Dispatches from Class: Software Engineering and Data Center Design

This continues my Dispatches from Class series

We web developers love our cloud platforms; AWS, Heroku, and others help us focus on code and not on servers. And while it’s nice to not have to worry about infrastructure, there is a lot of interesting innovation happening at data centers worldwide. Many of these leaps forward mirror best practices we use daily while writing software: modularity, reusability, and profiling, to name a few.


When you think of a data center, you probably imagine rows of server racks in a white, sterile room. While that’s still the case for many companies, modular data center components are gaining popularity due to their ease of installation and efficiency.

Sun modular data center

Unlike a brick-and-mortar data center that can take years to build and bring online, modular components are built entirely inside of standard shipping containers. They contain servers, cooling equipment, and networking infrastructure; they are essentially a microcosm of a standard data center. Once they arrive onsite, engineers need only to connect them to a power source and hook up the networking cables, and they can be fully functional the same day.

One main benefit is that they can help a company deal with spikes and lulls in traffic without needing to alter their main data center facilities. Think of it as an EC2 for a data center. With modular components, you can easily spin up and down resources as the situation warrants.


As software developers, we know to never repeat ourselves. Code should be written once and referenced anywhere else it’s needed, as opposed to duplicating the code every time you need to use its functionality. Modern data centers think the same way. When hot air is discharged from a server rack, why let it go to waste by dumping it outside? A number of data centers are capturing this hot air and using it to heat office space, homes, and even, in IBM Switzerland’s case, a swimming pool. Another notable example is found in Indiana, where Notre Dame University uses the air generated from its high-performance servers to heat its greenhouse and botanic gardens.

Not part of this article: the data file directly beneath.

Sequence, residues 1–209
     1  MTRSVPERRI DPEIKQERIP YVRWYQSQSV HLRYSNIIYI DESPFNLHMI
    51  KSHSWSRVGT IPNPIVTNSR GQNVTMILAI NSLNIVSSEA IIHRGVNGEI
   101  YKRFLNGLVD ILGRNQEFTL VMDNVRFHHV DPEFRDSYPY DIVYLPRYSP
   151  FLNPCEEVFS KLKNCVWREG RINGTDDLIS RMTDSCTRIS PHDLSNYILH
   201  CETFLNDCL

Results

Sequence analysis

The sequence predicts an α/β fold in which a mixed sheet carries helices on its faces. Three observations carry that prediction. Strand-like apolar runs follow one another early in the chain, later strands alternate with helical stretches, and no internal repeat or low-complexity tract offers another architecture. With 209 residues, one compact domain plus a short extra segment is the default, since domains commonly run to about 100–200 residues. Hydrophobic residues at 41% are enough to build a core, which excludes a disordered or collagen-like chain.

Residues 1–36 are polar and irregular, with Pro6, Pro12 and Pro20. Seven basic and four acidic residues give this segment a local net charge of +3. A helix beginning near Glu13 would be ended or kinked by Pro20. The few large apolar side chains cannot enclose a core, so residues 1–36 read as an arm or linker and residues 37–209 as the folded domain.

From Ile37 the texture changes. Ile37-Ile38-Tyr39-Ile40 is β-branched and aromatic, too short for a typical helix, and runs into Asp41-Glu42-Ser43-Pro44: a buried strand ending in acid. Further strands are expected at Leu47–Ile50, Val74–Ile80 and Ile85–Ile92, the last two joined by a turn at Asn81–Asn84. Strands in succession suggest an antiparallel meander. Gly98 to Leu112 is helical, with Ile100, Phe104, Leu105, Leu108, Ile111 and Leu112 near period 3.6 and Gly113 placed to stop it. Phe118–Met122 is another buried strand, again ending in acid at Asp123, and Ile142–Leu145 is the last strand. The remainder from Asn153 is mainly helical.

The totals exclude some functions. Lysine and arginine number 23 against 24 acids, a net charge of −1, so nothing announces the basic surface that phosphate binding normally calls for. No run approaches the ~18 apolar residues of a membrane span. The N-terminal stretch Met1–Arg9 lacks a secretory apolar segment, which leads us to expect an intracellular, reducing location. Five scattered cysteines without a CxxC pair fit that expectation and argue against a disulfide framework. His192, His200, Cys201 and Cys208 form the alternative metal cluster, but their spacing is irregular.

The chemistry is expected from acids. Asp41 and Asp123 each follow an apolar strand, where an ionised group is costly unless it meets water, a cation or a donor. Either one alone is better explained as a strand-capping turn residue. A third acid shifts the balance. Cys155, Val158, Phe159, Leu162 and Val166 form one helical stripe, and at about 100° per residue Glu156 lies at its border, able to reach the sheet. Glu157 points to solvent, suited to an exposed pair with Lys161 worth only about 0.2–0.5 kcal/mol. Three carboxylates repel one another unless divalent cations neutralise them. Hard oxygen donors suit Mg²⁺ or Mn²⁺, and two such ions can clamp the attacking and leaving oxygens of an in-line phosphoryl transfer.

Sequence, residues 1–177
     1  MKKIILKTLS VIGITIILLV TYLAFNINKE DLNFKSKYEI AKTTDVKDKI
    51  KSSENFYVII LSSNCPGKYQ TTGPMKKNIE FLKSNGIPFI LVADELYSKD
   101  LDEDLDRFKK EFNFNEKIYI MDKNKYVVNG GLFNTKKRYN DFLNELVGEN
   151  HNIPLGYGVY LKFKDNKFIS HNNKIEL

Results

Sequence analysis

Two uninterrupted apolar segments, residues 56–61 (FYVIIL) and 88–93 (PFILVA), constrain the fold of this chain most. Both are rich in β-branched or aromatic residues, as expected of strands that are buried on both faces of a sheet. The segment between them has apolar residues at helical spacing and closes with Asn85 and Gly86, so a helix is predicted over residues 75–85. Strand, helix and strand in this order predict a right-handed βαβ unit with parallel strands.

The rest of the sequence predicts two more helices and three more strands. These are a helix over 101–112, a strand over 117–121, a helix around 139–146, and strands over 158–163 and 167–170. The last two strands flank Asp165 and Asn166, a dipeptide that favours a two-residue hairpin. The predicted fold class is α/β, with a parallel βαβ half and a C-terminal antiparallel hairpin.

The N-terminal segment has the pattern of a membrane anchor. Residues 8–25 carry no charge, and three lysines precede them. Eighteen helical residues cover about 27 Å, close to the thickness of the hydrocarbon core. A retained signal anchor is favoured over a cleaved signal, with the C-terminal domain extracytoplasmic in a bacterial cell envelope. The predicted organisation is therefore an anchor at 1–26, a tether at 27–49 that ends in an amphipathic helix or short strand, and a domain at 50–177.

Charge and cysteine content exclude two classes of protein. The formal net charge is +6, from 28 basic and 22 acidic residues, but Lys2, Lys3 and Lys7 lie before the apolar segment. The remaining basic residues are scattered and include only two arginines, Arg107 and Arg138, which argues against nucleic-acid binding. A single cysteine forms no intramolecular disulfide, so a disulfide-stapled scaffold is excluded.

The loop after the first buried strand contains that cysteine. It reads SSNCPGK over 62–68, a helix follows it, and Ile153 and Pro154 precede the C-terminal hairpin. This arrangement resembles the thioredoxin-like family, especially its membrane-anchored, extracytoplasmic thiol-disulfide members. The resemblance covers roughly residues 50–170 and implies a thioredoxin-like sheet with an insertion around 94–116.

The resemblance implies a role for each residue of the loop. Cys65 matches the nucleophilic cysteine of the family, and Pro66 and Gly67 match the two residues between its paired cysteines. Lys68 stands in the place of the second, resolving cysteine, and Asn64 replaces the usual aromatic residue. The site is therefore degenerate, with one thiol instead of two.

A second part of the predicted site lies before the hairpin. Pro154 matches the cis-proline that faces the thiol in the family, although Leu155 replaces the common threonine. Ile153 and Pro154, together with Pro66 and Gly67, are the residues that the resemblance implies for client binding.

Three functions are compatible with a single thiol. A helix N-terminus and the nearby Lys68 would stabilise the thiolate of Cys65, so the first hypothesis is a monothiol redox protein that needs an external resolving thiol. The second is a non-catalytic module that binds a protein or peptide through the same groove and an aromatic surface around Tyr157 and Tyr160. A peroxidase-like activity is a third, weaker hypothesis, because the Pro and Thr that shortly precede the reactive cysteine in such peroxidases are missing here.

Free cooling, the process of using already-cold outside air to cool servers, is another popular method to reuse available resources. In cold climates, data centers can avoid using electricity to cool air pumped into server racks, since cold air already exists all around the data center. Google took this concept once step further in its Hamina, Finland data center, where it uses nearby frigid seawater to cool its servers.


The first part of speeding up any application is to identify what’s causing it to be slow. Web developers rely on a browser’s dev console to do this, and also use various profiling tools like JSHint. Data centers are similarly obsessed with performance and profiling. The main metric is PUE, or Power Usage Effectiveness. The calculation is simple: PUE = (total facility energy) / (IT equipment energy). Basically, PUE shows what percentage of your total electricity usage goes towards the essential purpose of a data center, which is to provide computational power. Any other electrical expenditure, like lighting and cooling, are not providing the primary functionality, and so their electrical usage should be minimized. With PUE, lower numbers are better. The best possible (theoretical) PUE would be 1.0, meaning 100% of all power consumed goes toward computation.

A 2013 survey showed that the average PUE for data centers around the world is 1.65. Compare that with Facebook’s impressive 1.05 PUE, and you can see that most data centers lag far behind industry leaders like Facebook and Google.

In fact, Facebook is so obsessed with profiling that you can see their PUE update in real-time for their Prineville Data Center facility. This push for transparency in profiling has created an arms race in data center efficiency, which is a boon to the companies themselves (since they end up saving in energy costs), as well as to the environment.

It turns out that software developers and data center engineers rely on many of the same concepts to produce quality, efficient work. Modularity, reusability, and profiling are essential components to manage efficiency in both software engineering and data center operation.